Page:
CMC grad wants to help ‘marry’ solar, gas
Special to the Post Independent
Glenwood Springs, CO Colorado
RIFLE, Colorado – A desire to learn about solar energy led Tracy Conner to realize she also liked learning about a more traditional part of the energy industry. Now she hopes to find a job to use what she learned in both fields.
Conner, a Parachute resident, was laid off from her administrative job with a natural gas company two years ago. Wanting to train for a career in solar energy, she enrolled at Colorado Mountain College in Rifle, where she also learned about process technology.
Conner just graduated with an associate of applied science degree in process technology. She also earned three certificates of occupational proficiency in process technology and three certificates in solar energy.
She was also recently invited to join Phi Theta Kappa, the national honor society for two-year colleges.
“I originally wanted to find out about solar energy classes, but Jon Prater told me I should check out some process tech classes, too,” Conner said. Prater is the college’s process technology program director. “I didn’t think I’d like process tech as much as I do,” Conner said.
The process technology program at Colorado Mountain College trains students in the skills needed to work in industries such as oil and gas, waste and water treatment, and pharmaceuticals, as well as at power and electric plants.
While she was taking the solar energy and process tech classes, Conner, 45, also learned she could complete her bachelor’s degree in psychology from Fort Lewis College in Durango, which she thought she had already earned.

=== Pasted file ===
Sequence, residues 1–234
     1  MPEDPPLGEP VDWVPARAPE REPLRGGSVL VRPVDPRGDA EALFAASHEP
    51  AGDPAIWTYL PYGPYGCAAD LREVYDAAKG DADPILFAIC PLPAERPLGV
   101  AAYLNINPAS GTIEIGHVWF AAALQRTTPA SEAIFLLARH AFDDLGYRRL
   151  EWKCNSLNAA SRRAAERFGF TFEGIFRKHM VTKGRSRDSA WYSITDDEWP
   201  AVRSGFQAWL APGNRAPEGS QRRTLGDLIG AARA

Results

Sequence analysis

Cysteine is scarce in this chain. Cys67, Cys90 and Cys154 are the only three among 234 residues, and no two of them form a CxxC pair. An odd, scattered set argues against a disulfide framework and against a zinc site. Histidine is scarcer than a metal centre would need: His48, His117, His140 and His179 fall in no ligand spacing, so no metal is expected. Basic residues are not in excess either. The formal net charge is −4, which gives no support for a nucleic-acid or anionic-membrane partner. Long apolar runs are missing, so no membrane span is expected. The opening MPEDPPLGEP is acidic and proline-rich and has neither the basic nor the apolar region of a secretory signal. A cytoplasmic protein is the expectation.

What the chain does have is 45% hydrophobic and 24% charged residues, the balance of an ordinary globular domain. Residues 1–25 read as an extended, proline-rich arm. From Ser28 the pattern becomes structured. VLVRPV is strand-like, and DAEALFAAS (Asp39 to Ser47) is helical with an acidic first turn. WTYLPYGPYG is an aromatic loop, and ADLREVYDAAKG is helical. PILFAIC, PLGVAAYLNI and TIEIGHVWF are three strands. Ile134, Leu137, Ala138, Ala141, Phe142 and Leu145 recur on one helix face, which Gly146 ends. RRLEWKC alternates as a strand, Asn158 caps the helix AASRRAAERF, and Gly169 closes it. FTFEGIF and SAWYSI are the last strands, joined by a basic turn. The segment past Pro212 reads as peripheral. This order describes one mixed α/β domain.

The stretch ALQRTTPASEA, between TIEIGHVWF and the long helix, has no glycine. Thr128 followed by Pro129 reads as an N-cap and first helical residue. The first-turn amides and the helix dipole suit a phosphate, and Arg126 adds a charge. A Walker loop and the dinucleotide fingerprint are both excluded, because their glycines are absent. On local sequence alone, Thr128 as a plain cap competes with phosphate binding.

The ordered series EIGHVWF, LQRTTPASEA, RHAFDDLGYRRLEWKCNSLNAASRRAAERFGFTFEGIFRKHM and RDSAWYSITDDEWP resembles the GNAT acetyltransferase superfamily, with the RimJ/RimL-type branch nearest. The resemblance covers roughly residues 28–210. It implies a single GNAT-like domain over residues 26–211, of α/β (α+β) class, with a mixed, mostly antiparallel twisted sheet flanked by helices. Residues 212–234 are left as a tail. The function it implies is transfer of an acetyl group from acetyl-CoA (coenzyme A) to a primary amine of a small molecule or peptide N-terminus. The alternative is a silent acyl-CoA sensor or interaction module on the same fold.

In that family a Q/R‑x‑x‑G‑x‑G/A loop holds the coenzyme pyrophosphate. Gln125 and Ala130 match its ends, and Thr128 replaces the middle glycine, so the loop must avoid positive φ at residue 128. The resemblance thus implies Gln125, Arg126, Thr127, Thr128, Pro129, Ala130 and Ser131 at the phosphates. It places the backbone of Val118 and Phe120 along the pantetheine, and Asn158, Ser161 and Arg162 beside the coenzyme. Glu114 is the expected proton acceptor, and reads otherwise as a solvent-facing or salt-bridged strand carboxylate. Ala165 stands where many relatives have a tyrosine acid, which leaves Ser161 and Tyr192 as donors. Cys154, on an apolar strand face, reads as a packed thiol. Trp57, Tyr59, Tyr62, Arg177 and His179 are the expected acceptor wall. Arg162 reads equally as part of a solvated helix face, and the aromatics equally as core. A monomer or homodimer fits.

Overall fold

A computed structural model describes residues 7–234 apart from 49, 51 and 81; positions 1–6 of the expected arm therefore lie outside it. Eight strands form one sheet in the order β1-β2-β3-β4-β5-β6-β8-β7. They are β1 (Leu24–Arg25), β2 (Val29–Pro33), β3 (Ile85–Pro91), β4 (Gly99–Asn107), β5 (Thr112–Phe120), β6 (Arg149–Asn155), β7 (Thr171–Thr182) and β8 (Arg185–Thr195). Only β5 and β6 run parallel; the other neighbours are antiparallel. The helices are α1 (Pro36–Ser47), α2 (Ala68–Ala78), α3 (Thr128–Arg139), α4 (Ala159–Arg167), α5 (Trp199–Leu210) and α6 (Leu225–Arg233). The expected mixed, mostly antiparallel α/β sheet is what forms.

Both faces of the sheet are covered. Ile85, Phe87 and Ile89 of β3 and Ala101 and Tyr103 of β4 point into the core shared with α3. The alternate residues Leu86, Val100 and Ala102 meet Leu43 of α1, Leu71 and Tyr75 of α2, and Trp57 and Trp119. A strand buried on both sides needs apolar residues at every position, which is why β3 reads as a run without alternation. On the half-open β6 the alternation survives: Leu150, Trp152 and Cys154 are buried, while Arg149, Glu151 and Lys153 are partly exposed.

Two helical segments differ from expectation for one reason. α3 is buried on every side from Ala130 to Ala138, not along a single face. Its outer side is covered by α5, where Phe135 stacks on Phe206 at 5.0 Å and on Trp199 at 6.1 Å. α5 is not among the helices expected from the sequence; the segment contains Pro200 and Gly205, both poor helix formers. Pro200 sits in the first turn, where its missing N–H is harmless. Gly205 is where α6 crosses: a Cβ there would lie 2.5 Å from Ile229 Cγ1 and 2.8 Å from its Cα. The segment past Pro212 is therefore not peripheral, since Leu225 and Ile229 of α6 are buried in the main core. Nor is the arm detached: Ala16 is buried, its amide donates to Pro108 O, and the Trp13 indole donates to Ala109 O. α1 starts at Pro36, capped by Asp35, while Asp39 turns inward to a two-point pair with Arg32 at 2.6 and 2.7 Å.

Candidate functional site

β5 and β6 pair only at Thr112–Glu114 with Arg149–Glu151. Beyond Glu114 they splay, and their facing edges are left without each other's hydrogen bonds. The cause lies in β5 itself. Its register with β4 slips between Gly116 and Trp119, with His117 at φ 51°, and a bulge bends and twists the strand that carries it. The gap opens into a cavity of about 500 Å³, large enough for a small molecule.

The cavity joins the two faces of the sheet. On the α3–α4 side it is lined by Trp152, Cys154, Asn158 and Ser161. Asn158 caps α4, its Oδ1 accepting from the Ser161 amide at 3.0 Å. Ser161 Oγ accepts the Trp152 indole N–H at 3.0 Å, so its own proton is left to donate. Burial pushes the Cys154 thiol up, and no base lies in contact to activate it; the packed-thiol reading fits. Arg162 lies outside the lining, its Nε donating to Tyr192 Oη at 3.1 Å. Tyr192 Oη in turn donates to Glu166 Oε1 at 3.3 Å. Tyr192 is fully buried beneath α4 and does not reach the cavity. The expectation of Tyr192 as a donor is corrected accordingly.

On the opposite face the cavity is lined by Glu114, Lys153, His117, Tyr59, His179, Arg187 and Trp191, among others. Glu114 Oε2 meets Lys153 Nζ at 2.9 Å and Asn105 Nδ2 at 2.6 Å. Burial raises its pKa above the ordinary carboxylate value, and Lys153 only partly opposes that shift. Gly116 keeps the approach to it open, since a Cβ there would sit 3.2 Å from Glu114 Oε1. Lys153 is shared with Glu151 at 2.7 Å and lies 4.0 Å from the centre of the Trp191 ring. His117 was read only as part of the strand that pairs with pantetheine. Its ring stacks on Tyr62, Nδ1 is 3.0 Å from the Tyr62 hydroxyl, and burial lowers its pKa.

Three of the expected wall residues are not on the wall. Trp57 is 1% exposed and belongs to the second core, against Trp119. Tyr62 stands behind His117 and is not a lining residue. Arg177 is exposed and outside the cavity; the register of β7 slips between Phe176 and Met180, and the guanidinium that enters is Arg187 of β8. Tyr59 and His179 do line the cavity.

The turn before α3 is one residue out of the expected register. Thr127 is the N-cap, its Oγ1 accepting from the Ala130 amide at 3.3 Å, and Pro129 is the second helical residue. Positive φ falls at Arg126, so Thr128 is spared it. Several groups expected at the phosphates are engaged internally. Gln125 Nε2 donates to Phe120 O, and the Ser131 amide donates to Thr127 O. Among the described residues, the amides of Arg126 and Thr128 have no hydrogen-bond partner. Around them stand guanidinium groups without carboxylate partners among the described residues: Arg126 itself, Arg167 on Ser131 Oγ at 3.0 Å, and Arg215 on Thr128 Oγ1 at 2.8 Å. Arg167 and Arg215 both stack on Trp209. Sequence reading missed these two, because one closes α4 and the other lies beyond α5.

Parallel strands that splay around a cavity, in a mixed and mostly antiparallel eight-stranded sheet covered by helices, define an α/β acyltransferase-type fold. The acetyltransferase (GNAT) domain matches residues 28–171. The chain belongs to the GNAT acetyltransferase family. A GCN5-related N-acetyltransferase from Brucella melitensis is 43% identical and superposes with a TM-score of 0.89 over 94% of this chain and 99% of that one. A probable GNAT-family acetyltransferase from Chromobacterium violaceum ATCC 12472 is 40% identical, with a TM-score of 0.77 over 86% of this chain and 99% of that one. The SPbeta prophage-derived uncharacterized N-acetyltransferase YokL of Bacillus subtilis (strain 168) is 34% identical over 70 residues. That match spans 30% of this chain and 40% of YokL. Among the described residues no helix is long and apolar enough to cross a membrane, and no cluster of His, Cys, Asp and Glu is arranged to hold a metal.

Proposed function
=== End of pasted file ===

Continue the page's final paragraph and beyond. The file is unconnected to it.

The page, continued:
“I turned in a couple of projects to a few professors at the very end and thought they’d received them,” she said. “It turns out they never got them, so I had to finish things there.”
By taking a few extra classes at Colorado Mountain College, this summer Conner is meeting the final requirements to earn her bachelor’s degree from Fort Lewis.
The youngest of five children, Conner is the only one of her siblings to attend college. She was married in 1998, then shortly after was diagnosed with a heart disease. For a while, she was on a heart transplant list, but doctors then told her that her heart had recovered and she wouldn’t need a transplant.
Before she worked in the gas industry, Conner was a counselor for the developmentally disabled and a massage therapist.
Now, the Parachute resident wants to help “marry” solar and other renewable energies to the fossil-fuel-based process technology field.
Conner pointed out the presence of solar panels in gas fields. Such panels provide power to monitor equipment at well sites and are read remotely by the gas companies.
She credits the Colorado Mountain College courses and instructors for helping her to gain the knowledge and skills she wanted and needed.
“It helped tremendously,” she said. “My favorite class was probably the troubleshooting class, because we had to use all we had been taught to figure out a problem. I always liked figuring out puzzles.”
Conner said she is anxious to start her “second life.”
“This is totally different than anything I ever thought I would do,” she said. “But I’m excited.”
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Grace Wesseling is an animal lover, a cheerleader of seven years and another soon-to-be graduate of Bridges High School, class of 2021.